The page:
Henry IV, Part I was most probably written in late 1596 or early 1597, and it is agreed by scholars of Shakespeare that the play was first performed not long after it was written. On February 25, 1598, it was entered in the Stationers’ Register without the designation “Part I,” and a quarto text of the play surfaced in 1598. In the Palladis Tamia: Wit’s Treasury by Francis Meres, Henry IV appears in the list of Shakespeare’s tragedies, and it is presumed that this reference is to “Part I.”
The earliest known quarto text of the play survives only as a four-leaf fragment, and five later editions dated 1598, 1604, 1608, 1613, and 1622 have survived intact. Altogether, six quarto editions, which is an unusually large number for an Elizabethan play, are known to exist. The 1613 quarto appears to have served as a source for the Folio version of 1623. The earliest complete quarto of 1598, together with the earlier fragment, remains the most authoritative text for Henry IV, Part I.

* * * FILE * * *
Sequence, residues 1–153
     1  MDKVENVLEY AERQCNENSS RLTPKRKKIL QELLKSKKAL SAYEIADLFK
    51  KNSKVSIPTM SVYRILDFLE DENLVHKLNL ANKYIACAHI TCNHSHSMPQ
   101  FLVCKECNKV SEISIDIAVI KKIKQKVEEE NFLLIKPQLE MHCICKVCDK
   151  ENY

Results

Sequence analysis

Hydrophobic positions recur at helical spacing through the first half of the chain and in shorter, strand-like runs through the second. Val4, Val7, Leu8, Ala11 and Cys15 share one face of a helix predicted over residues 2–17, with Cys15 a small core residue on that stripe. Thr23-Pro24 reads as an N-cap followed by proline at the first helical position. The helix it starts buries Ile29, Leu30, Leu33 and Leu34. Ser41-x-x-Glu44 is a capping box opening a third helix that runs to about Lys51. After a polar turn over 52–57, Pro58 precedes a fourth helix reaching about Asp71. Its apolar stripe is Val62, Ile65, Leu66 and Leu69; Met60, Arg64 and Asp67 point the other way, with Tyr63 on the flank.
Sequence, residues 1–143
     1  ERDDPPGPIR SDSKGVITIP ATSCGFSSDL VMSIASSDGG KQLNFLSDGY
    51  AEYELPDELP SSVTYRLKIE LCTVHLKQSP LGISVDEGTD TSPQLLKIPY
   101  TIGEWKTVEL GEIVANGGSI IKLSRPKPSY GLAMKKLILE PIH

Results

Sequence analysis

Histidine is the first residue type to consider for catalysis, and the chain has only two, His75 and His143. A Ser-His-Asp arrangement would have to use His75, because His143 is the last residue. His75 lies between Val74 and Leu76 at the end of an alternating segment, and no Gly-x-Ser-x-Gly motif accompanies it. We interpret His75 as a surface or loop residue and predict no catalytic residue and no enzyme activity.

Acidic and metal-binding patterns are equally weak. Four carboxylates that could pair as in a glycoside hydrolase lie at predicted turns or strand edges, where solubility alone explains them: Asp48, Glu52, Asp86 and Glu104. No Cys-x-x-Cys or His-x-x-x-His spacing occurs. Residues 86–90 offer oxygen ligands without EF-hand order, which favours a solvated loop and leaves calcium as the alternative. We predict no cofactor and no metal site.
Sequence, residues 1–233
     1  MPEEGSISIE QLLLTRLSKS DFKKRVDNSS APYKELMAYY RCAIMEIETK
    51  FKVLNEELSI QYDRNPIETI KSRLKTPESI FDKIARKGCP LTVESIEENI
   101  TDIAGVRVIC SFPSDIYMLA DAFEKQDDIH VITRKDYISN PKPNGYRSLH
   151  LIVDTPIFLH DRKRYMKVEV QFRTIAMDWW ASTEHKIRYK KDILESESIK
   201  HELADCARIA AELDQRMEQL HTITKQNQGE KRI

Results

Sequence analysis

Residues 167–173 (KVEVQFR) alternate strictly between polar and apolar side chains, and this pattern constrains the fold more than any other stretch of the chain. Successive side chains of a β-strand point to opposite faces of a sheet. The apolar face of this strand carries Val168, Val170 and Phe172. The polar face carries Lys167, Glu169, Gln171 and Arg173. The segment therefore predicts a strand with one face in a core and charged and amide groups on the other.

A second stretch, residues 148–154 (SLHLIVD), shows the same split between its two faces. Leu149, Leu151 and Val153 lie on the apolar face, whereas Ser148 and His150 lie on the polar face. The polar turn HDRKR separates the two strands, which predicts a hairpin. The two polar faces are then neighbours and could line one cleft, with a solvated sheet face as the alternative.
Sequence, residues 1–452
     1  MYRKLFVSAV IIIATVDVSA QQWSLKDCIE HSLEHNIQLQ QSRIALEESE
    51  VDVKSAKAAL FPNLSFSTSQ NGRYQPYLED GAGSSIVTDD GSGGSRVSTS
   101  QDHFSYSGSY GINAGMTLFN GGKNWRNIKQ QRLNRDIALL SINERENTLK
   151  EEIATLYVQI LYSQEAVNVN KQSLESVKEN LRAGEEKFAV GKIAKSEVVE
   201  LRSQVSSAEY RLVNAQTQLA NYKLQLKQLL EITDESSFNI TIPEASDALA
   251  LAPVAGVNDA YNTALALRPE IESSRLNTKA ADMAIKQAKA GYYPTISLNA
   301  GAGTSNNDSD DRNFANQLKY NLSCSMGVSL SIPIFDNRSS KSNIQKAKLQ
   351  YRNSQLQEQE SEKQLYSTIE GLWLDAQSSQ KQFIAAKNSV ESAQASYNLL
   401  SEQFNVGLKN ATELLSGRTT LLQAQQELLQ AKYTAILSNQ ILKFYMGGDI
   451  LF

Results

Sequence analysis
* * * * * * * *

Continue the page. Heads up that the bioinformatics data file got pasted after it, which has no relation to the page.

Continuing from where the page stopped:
Shakespeare drew the historical plot of Henry IV, Parts I and II from several accounts of English history that were written during the Elizabethan period. These histories provided many details from which he could carefully select what he needed for his plays. The primary source is Raphael Holinshed’s Chronicles of England, Scotland, and Ireland (2nd ed. 1586-1587). In addition, Shakespeare used Samuel Daniel’s narrative poem The...
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